- Sang Wook Yi Department of Philosophy,Hanyang University 17 Haengdang-dong, Seongdong-gu, Seoul 133-791, South Korea E-mail: email@example.com
It is generally accepted that the Human Genome Project (HGP) has been a success so far. Apart from its scientific merits, it has also raised a number of ethical considerations. Among them, the paper focuses on two issues: the social responsibility of involved scientists in realistically assessing the expected benefits from the HGP and the ethical implications of setting (often implicitly) human 'ideal' type in genetic analysis. Both issues are related to an unjustified doctrine popular among some of the enthusiastic advocates of the HGP, genetic determinism. I discuss how certain misguided beliefs about human development and human evolution could lead to an untenable ethical attitude towards human 'normality'. I argue that the importance of the other human genome project, the Human Genome Diversity Project, should be appreciated more widely along with the role of variations in understanding human 'nature' (if any) and in doing research in applied genetics.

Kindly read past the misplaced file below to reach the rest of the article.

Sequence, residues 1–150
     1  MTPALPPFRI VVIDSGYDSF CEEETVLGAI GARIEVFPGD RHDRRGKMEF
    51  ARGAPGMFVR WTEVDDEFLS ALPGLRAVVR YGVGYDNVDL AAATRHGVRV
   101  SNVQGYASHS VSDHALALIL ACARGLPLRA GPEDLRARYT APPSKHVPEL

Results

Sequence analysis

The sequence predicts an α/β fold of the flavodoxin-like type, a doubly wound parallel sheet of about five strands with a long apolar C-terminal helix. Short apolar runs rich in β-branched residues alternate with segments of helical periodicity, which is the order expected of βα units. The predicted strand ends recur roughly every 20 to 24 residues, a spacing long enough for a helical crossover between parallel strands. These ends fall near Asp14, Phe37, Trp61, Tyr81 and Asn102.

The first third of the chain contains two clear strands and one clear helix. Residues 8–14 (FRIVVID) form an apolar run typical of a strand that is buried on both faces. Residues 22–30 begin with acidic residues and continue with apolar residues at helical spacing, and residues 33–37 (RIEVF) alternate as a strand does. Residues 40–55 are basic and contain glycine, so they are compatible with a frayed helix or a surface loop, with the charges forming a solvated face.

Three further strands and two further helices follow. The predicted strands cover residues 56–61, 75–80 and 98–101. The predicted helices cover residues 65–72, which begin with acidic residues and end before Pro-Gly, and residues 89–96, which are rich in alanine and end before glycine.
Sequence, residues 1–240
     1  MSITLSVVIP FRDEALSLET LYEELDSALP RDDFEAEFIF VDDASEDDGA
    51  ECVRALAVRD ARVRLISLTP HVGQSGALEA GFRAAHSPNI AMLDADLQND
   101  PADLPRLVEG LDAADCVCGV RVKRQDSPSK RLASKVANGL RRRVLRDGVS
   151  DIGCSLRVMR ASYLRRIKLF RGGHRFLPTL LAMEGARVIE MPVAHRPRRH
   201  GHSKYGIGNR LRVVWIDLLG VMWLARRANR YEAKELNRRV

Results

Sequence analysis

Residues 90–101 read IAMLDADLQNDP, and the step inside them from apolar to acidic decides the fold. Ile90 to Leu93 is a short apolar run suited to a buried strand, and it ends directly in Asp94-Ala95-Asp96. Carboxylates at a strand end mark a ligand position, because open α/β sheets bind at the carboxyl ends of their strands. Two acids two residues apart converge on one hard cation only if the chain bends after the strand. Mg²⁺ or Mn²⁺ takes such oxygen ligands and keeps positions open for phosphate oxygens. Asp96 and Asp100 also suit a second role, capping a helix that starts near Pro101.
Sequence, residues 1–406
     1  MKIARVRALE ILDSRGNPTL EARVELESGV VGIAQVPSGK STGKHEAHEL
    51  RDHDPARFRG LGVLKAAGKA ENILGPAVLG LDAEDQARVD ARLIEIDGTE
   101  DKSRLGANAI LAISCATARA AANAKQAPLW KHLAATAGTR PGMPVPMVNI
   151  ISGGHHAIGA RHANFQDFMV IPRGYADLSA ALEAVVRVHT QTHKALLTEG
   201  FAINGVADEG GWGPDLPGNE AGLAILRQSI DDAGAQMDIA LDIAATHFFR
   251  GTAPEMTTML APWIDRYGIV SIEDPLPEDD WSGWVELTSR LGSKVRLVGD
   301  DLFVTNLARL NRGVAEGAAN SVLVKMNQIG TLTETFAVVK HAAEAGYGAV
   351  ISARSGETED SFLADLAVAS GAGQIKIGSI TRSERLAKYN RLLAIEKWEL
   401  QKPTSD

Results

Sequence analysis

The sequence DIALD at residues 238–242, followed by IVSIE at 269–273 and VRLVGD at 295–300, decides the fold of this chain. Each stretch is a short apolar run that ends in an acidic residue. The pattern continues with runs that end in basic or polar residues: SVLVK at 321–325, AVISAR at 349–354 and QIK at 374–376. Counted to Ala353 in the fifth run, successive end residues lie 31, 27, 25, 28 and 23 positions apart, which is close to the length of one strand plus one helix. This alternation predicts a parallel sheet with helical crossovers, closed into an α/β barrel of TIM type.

Keywords: the Human Genome Project, social responsibility of scientists, Human 'ideal' type, genetic determinism, the Human Genome Diversity Project